Ever looked at your paycheck and wondered what it all means? If you have, you’re not alone. But understanding your paycheck is not as complex as it might seem at first.
Of course, you may be wondering why you need to learn how to read a pay stub. You don’t, but it’s good to know where your money is going. It can be useful to know how that net payment is reached, and be able to spot possible mistakes.
Once you’ve deciphered one, understanding any pay stub will be a snap. Here’s how to read one.
Payment and Personal Information
Pay stubs aren’t all identical, but the basics will be the same whether they’re issued through your payroll department or an online generator like Paystub Creator.
The first part of the pay stub will usually show personal information, as well as basic information about the check, such as dates.
In this area, you’ll find your personal information. Items such as your name, address, social security number, and marital status will be indicated here.
The pay period is the period of time that you’re being paid for. If you’re paid every two weeks, it’ll cover a two-week period. If you’re paid monthly, it’ll cover the monthly period.
The pay date is when payment for the period worked is processed. This is typically at least a week after the pay period for which you’re being paid, depending on whether you get paid weekly, bi-weekly, or monthly. This is the date the check is written.
There are two amounts on your pay stub you’ll want to pay special attention to. One of these is your gross pay or gross earnings. This is the amount you earn before any taxes or contributions are deducted.
The other one is your net pay, which we’ll get to later.
The earnings section will indicate your payment for the current pay period, and also your total earnings for the year to date. It’s important to note that these amounts are pre-tax, or gross earnings.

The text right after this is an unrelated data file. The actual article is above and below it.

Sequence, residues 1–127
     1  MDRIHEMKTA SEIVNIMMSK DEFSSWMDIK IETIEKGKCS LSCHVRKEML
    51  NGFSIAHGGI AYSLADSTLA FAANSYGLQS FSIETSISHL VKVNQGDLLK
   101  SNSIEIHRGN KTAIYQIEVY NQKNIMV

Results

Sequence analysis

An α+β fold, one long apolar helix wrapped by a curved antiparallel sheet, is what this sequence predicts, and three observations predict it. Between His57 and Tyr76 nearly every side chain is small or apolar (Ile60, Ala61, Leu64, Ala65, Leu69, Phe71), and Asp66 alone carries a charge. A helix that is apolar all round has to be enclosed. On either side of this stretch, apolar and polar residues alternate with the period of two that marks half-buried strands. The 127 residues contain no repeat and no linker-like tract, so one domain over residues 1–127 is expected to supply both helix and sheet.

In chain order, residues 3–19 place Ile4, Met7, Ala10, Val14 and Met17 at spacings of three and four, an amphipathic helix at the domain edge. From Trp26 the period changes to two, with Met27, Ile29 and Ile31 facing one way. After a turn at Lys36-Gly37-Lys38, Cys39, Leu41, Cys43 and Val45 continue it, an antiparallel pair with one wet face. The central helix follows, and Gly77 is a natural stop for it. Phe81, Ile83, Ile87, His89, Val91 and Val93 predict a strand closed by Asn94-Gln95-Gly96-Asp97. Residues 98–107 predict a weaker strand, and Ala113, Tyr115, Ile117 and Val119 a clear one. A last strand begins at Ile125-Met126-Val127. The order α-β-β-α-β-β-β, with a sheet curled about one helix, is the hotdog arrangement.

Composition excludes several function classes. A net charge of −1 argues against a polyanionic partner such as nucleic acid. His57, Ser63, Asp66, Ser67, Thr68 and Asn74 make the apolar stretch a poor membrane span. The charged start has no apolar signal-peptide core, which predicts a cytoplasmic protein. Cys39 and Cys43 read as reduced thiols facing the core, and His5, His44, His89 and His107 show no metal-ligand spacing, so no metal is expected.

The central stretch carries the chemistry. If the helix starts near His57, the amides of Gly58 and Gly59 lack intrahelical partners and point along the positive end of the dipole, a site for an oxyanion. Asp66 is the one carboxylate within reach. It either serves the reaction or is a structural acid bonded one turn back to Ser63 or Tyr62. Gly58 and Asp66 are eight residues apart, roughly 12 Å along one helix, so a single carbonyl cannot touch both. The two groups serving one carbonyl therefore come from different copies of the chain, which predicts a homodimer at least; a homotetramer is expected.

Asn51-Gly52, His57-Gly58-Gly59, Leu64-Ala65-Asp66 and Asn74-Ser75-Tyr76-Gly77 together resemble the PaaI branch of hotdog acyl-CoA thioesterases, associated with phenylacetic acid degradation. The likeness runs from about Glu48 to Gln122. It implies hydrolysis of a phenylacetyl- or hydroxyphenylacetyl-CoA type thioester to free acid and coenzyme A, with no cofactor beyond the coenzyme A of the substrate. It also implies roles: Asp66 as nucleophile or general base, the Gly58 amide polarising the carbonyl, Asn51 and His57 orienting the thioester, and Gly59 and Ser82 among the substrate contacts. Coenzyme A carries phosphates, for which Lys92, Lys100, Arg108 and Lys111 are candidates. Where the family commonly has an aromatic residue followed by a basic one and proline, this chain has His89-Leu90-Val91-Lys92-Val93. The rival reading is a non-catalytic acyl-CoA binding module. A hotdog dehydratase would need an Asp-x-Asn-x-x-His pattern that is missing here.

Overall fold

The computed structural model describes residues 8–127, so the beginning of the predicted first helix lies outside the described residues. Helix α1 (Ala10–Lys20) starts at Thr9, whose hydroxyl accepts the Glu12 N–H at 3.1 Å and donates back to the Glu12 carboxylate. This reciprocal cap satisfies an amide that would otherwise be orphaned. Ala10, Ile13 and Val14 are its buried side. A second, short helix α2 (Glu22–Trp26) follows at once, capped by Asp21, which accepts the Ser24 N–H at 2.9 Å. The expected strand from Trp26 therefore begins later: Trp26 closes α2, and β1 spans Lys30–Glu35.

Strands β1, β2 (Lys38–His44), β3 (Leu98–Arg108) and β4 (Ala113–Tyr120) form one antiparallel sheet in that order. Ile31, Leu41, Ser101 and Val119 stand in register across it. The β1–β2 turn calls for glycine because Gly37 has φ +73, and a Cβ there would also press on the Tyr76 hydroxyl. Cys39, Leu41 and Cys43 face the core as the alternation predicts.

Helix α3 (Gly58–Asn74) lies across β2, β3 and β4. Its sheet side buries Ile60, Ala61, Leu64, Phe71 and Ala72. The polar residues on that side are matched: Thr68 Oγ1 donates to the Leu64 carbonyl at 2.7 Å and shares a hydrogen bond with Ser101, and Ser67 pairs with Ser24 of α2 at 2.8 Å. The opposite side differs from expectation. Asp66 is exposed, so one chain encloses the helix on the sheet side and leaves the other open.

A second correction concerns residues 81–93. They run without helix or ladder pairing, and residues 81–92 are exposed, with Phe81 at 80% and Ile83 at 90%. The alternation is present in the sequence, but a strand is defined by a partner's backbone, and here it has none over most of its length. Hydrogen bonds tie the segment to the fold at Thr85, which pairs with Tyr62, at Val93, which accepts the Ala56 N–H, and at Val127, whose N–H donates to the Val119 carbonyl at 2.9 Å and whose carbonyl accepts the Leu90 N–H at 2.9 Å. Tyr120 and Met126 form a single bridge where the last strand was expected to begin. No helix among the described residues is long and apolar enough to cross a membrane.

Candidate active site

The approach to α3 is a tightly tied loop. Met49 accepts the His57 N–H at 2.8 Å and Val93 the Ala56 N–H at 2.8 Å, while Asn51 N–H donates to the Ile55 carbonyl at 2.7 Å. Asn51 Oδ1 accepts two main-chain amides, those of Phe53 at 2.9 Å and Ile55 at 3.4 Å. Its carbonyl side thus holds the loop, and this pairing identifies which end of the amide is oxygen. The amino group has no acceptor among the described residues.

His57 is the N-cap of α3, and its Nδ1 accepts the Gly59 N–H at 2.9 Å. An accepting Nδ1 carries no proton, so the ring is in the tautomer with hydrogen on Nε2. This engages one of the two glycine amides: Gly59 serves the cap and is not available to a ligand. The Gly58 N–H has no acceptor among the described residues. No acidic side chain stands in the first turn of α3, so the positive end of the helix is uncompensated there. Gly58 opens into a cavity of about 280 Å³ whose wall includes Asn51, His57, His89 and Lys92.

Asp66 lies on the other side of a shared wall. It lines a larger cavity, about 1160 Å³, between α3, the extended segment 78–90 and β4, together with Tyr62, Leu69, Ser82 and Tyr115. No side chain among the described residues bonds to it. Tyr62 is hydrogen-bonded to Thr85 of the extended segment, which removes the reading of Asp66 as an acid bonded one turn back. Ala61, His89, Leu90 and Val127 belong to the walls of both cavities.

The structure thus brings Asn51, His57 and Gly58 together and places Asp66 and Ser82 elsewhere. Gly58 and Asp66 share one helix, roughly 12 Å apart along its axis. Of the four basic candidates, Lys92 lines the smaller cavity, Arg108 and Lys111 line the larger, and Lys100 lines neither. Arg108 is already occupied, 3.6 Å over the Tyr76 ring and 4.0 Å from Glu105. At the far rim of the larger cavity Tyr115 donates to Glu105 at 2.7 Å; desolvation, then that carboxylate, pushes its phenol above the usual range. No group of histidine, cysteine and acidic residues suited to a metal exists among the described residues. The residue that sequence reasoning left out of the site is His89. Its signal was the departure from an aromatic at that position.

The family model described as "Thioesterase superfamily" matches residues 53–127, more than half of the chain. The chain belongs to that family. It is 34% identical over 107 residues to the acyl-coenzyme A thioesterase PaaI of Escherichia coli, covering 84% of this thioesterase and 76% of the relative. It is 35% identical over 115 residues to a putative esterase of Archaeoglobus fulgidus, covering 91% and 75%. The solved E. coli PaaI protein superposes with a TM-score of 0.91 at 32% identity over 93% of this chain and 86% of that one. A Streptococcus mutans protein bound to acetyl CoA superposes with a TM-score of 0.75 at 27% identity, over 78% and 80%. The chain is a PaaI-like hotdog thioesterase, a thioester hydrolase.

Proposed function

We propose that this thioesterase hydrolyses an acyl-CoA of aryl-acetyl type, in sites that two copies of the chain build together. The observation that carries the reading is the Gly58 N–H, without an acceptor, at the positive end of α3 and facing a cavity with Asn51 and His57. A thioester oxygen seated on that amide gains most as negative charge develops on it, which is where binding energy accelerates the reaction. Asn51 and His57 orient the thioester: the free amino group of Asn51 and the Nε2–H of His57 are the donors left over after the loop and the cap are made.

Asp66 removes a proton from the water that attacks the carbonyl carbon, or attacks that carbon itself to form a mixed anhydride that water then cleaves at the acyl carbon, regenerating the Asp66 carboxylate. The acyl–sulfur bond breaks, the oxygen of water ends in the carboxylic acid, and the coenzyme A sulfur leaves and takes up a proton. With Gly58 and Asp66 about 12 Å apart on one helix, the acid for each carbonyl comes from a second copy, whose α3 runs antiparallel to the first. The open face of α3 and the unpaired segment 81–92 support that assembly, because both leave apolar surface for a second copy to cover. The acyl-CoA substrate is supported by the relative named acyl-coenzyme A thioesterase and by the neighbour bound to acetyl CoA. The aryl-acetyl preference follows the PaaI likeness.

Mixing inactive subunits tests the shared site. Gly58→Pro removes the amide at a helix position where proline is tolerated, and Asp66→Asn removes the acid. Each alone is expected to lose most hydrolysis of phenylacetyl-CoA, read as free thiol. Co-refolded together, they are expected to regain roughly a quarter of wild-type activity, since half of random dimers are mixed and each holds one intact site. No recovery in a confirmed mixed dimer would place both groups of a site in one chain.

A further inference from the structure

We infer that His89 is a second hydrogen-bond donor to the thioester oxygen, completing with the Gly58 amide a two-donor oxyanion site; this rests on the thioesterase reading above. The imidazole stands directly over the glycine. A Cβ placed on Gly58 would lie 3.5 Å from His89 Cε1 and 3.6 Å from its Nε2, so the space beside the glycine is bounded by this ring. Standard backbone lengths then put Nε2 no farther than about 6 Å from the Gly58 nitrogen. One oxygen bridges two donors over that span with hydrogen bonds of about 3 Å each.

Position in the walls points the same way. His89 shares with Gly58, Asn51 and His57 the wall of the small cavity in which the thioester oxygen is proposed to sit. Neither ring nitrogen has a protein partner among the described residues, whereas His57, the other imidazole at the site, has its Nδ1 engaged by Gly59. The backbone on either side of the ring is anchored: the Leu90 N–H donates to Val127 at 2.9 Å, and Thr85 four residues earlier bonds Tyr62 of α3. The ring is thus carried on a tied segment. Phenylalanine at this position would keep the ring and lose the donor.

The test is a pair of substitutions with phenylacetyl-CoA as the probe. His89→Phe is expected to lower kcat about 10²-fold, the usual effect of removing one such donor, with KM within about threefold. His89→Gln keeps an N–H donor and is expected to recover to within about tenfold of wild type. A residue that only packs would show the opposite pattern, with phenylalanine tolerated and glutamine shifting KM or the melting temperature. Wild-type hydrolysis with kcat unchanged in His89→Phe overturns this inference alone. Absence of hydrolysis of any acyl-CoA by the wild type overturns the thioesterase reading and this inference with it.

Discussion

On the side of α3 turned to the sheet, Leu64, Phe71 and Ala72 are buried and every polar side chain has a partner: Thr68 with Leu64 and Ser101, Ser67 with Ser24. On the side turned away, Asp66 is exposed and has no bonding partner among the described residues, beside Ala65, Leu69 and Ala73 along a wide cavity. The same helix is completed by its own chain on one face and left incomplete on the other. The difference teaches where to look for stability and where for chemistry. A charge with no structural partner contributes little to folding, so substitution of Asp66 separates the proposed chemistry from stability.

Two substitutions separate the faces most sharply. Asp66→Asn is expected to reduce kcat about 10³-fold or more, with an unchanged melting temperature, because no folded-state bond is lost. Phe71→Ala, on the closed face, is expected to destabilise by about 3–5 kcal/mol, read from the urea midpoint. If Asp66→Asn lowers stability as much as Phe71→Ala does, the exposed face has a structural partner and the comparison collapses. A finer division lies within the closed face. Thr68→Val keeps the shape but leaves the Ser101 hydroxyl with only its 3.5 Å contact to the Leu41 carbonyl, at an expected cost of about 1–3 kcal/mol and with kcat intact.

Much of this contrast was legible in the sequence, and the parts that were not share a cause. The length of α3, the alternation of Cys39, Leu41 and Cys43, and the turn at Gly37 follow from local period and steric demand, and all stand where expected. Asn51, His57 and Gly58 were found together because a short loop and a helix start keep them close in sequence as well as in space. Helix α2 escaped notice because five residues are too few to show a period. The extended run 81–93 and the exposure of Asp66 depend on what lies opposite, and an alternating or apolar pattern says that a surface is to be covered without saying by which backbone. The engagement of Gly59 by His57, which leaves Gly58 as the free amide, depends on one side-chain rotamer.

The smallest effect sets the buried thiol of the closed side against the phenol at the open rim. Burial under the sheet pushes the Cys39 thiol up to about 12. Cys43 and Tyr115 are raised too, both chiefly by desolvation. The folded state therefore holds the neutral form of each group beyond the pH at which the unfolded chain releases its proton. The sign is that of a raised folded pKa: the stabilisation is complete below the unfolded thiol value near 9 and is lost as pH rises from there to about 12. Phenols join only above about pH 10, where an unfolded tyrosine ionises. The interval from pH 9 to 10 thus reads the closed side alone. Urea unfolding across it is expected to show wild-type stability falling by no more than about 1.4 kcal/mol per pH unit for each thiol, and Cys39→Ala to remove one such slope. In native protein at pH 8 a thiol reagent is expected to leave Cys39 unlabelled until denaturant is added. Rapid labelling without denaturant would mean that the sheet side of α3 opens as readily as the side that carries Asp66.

These figures represent your total pay before taxes and other payments are deducted. As such, they’ll be higher than the amount on your check, or the amount deposited into your bank account.
If you’re paid by the hour rather than salaried, your hours worked for the current period will also be indicated in this section.
Taxes and Other Deductions from Gross Earnings
These sections indicate the amounts deducted from your gross pay. This includes taxes paid by you and your employer, benefits, and plans you may be contributing to, as well as other deductions.
These taxes may or may not be indicated on your pay stub.
FUTA (Federal Unemployment Tax Act)
Whether they’re shown or not, there are two points about them to be aware of:
1. Your employer is paying them.
2. They do not affect your net earnings.
In addition to the standard three, most states and some cities also apply taxes to cover the cost of unemployment claims businesses may receive.
There are three federal taxes that are mandatory for all employees. They’re usually marked as follows:
Social Security Employee
Your state and local income taxes that may apply will also be in this section. These can vary depending on where you live. Some states, such as Washington, have no income tax.
If your state has other withholdings that you’re required to pay, they’ll also be indicated in this section. For example, New York has a paid family leave tax and a disability tax that employees working within the state are required to pay into.
These taxes will have already been deducted from your net payment amount. The gross earnings amount is before they have been deducted.
If you have deductions for items such as an IRA/retirement account, healthcare plan, or Flexible Spending Account (FSA), they’ll be identified in this section.
Deductions can be pre or post-tax. Pre-tax deductions will not affect your net pay, as they are deducted from your gross earnings.
Adjustments to your net pay beyond federal and state taxes and your contributions will be shown in this area.
Adjustments may include items like reimbursements for expenses, or wage garnishments.
What’s in Your Pocket?
If you’re someone who only looks at one area on your pay stub, this last section is it. This is the part that tends to matter the most to most people.
Your net pay is the amount you’ll actually see on your check or the amount deposited to your bank. Most people will look at this section first, and perhaps nowhere else.
Two amounts are shown. The payment for this period, and the total accrued payment for the year to date.
Now You Know How to Read a Pay Stub
Learning how to read a pay stub isn’t difficult. There are likely to be minor differences from one employer to another, and between different states, but the basics will be the same.
Once you’ve figured out one, you’ll be able to understand any pay stub.